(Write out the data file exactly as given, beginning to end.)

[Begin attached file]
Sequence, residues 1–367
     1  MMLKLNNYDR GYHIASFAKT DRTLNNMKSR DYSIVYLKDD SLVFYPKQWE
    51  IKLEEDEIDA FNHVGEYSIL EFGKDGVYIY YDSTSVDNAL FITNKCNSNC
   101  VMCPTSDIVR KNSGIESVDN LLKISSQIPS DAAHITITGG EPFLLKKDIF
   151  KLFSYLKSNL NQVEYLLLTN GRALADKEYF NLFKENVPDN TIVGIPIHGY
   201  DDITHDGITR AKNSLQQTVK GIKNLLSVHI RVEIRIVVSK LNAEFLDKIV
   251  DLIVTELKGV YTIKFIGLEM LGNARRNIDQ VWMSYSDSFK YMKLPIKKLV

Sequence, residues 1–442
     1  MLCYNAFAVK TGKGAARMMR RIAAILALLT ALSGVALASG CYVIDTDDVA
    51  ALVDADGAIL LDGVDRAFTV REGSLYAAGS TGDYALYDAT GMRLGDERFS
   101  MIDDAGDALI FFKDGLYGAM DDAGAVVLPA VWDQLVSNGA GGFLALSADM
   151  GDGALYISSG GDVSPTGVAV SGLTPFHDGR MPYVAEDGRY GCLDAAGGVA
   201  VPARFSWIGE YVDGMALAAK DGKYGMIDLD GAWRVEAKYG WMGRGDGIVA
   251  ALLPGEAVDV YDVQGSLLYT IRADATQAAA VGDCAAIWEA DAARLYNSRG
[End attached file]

Sequence, residues 1–367
     1  MMLKLNNYDR GYHIASFAKT DRTLNNMKSR DYSIVYLKDD SLVFYPKQWE
    51  IKLEEDEIDA FNHVGEYSIL EFGKDGVYIY YDSTSVDNAL FITNKCNSNC
   101  VMCPTSDIVR KNSGIESVDN LLKISSQIPS DAAHITITGG EPFLLKKDIF
   151  KLFSYLKSNL NQVEYLLLTN GRALADKEYF NLFKENVPDN TIVGIPIHGY
   201  DDITHDGITR AKNSLQQTVK GIKNLLSVHI RVEIRIVVSK LNAEFLDKIV
   251  DLIVTELKGV YTIKFIGLEM LGNARRNIDQ VWMSYSDSFK YMKLPIKKLV

Sequence, residues 1–442
     1  MLCYNAFAVK TGKGAARMMR RIAAILALLT ALSGVALASG CYVIDTDDVA
    51  ALVDADGAIL LDGVDRAFTV REGSLYAAGS TGDYALYDAT GMRLGDERFS
   101  MIDDAGDALI FFKDGLYGAM DDAGAVVLPA VWDQLVSNGA GGFLALSADM
   151  GDGALYISSG GDVSPTGVAV SGLTPFHDGR MPYVAEDGRY GCLDAAGGVA
   201  VPARFSWIGE YVDGMALAAK DGKYGMIDLD GAWRVEAKYG WMGRGDGIVA
   251  ALLPGEAVDV YDVQGSLLYT IRADATQAAA VGDCAAIWEA DAARLYNSRG